Actually, for someone newer to modal concepts, I've found the melodic minor is an easier next step from the major scale than harmonic minor because of that pesky augmented second. That said, when in the middle of things,don't worry so much about correct scales, just trust your ear and try to make musical sense and things will probably work out fine............

 #82971  by wisedyes
 Wed Jul 07, 2010 9:50 am
I'm pretty sure that it was me that suggested this scale in the earlier post; I was having trouble replying due the "request timed out" thing. So, here are the most common uses for this scale, and a couple of Dead specific places it can work well.

By far, the most common use for this is over the iim7b5 and V7alt chords in the turnaround of a minor blues progression. Say you are in the key of A minor, the im (home) chord is A minor, and the ivm chord will be D minor. However, the common turnaround progression consists of a iim7b5 to a V7alt (almost always a flat or sharp 9) - so in this key, you have Bm7b5 and E7b9 (or E7#9). Use A harmonic minor over these two chords, and switch back to A natural/dorian/pentatonic minor over the A minor chord. This works because the ii chord of the harmonized harmonic minor scale is a m7b5, and the V chord is a dominant - but the scale will contain the flatted ninth. This allows you to "spell out the changes" without working too hard.

Second most common place it gets used is over a static dominant seventh type chord to provide some tonal color. Works especially well if the chord has an altered tone in it (b/# 9th or 5th). Again, think of the chord as an altered V7 and use the harmonic minor built from what would be the i minor chord. For example, I like to use harmonic minor during the jam in Cassidy for a little while right before we hit the transition to G#minor. So, since this is an altered E7 chord, use A harmonic minor for this, but concentrate on the E7 and G#dim arpeggios in the scale. Sounds great, and since the #7 chord of A harmonic minor is a G#dim, it is very easy to just slip right into the transition smoothly. HOWEVER - this will work much better in some songs with extended static dominant chord jams than others, like good in The Other One, not so good in Birdsong. Try it out and see where you like it.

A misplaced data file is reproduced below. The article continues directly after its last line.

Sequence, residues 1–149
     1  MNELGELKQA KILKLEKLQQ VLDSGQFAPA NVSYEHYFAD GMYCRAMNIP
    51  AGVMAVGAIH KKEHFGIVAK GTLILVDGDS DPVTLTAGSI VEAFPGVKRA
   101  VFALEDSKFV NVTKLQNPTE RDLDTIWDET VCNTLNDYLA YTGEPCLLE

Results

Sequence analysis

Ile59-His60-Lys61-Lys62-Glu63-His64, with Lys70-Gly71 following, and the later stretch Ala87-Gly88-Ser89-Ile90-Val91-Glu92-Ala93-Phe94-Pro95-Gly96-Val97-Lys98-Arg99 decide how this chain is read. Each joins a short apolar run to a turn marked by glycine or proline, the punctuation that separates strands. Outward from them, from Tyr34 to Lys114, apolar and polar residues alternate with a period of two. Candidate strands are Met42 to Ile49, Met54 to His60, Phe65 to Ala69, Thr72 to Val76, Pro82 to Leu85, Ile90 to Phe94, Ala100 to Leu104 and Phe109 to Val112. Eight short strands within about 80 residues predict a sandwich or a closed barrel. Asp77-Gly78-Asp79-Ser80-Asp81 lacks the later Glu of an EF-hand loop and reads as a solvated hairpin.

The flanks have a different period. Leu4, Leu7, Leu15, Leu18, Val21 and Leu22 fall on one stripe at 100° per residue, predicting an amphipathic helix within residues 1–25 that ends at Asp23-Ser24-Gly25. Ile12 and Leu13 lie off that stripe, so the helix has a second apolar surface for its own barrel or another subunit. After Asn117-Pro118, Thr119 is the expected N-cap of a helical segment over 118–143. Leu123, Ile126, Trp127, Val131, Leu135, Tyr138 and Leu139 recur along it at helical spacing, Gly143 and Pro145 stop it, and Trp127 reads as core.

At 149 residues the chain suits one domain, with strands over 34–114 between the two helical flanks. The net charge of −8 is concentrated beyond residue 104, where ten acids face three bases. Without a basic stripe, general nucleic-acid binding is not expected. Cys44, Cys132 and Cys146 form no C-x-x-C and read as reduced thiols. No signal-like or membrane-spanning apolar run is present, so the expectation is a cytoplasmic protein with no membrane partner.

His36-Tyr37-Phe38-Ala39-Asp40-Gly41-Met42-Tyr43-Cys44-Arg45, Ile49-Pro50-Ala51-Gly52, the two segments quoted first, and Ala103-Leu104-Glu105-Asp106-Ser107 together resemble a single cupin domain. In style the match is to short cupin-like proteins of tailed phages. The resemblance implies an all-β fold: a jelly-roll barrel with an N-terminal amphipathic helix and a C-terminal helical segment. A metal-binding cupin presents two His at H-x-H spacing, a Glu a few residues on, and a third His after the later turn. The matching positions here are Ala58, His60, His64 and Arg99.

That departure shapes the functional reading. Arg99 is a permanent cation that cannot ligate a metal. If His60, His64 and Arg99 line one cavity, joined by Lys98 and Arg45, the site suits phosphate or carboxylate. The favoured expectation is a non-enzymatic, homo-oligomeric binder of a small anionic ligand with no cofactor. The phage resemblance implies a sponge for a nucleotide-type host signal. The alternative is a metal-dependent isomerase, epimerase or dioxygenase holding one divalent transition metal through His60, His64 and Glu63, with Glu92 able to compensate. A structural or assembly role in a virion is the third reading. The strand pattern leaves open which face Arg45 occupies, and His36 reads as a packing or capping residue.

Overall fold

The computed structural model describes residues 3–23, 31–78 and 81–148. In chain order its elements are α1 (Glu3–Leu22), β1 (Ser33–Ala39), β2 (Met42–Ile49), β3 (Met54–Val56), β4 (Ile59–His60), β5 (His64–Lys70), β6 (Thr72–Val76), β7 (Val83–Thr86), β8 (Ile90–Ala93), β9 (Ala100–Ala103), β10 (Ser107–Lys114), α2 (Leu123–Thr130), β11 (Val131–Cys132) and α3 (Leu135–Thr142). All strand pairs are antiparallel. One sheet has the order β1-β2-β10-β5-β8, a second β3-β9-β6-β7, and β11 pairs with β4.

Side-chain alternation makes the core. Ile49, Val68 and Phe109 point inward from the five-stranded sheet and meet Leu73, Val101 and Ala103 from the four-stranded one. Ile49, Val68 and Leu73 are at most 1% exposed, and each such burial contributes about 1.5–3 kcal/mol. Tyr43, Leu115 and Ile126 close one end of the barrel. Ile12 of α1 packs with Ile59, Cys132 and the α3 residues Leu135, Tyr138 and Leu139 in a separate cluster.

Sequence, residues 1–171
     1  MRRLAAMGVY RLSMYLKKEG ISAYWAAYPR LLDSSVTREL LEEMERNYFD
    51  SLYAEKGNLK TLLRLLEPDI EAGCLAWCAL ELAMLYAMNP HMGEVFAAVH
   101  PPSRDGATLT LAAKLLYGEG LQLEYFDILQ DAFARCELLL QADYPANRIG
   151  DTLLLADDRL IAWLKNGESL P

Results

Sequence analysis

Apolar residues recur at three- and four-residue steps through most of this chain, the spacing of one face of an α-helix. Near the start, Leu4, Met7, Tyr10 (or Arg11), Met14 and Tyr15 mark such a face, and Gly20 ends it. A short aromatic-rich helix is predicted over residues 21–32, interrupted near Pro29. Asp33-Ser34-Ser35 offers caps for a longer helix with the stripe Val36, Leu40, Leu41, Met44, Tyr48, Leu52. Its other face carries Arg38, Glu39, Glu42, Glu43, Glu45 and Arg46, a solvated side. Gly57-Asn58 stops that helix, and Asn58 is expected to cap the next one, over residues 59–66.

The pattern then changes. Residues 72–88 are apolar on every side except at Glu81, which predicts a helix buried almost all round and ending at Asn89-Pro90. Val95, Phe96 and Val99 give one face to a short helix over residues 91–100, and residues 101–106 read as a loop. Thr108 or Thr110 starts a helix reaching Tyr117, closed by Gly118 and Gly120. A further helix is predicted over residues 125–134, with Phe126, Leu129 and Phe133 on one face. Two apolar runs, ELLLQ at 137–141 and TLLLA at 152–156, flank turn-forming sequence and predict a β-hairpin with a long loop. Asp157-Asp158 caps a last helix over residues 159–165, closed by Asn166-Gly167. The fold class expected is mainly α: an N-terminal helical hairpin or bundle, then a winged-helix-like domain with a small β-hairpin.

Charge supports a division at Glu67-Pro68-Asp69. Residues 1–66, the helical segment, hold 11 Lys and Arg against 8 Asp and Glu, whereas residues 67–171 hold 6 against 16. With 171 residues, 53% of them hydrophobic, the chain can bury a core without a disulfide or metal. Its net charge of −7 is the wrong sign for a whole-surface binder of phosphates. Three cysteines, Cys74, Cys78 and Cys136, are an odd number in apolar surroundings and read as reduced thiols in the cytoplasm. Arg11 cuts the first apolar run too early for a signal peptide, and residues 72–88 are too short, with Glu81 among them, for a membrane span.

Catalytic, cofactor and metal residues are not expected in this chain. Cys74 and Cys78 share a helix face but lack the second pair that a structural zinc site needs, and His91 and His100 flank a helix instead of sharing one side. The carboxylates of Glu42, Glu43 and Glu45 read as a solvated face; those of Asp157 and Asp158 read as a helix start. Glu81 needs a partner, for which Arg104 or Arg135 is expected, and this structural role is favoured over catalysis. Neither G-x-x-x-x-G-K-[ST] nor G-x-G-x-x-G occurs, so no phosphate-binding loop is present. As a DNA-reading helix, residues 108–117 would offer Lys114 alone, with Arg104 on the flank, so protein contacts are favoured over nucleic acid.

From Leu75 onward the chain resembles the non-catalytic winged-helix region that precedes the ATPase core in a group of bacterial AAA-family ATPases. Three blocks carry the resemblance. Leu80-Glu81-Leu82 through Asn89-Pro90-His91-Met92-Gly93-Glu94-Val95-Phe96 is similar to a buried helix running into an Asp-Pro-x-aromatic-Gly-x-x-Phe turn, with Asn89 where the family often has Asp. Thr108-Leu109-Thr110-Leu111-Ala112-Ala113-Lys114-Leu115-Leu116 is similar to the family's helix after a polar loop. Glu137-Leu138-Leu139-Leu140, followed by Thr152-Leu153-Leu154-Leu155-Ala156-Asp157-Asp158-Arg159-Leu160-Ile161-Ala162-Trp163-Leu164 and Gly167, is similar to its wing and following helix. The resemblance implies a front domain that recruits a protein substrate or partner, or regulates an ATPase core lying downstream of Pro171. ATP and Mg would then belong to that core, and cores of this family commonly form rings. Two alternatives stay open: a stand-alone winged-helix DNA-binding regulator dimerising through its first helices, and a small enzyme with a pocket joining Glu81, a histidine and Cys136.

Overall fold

Third most common use is during the turnaround of a standard 12 bar JAZZ blues. It will be over the iim and V7 chords - so think harmonic minor of the root chord, like A harmonic minor over Bm7 and E7 during the turnaround. The use of the "outside" notes in this scale instead of sticking with straight A Major and E mixolydian over these two chords really makes it sound "jazz". Listen to some jazz guitarists like Wes Montgomery, Joe Pass, Pat Martino, etc, playing jazz blues tunes and you will hear it instantly once you know you're looking for it.

One more common use and another Dead related one. A very common chord progression in many tunes (including Mississippi Half Step, Michele by the Beatles, Ain't My Cross to Bear by the Allman Bros, etc) is the descending minor-minor/maj7-m7-m6 movement. In the case of Mississippi Half Step, you are required to solo over this progression (Am/Am/maj7/Am7/Am6 or D9). So how to approach this? For the A minor chord, you would play an A natural minor scale, then switch to A harmonic minor over the Am/maj7, then to A dorian over the Am7, and then to D mixolydian over the Am6 (which is also the same chord as a D9). This is because the minor/major7 chord is the im chord in a harmonic minor scale, so again, you are spelling out the changes in the chord progression by only using some very subtle shifts.

Hope this helps out. Keep in mind that this scale is best used sparingly (are you listening, Yngwie?), and can quickly sound overdone. It works well to create tension in your lines, but remember that the tension needs to resolve.
 #112527  by ndrewoods
 Fri Apr 13, 2012 3:20 am
1960strat wrote:There was thread here recently where someone had suggested to use harmonic minor notes to make your playing sound more exotic, how to learn the guitar. I have been screwing around with the scale and can definately here some Jer notes in there. The question is, where to use it? Over minor chords only? Major chords? what voicings..

Everyone's reply was really informative eh. Well for all I know is that it is an great tool for guitar players. It us useful in songs like Yngwie-ish, neoclassical soloing, and in chordal setting. It is somehow similar to the natural minor except for a raised seventh. The raised seventh gives the harmonic minor a distinctive three-semitone interval between the sixth and the seventh note.
 #118703  by zambiland
 Sat Sep 15, 2012 12:17 am
See my post in the minor scale thread. Wisedyes covered a lot of the same ground but from a different perspective.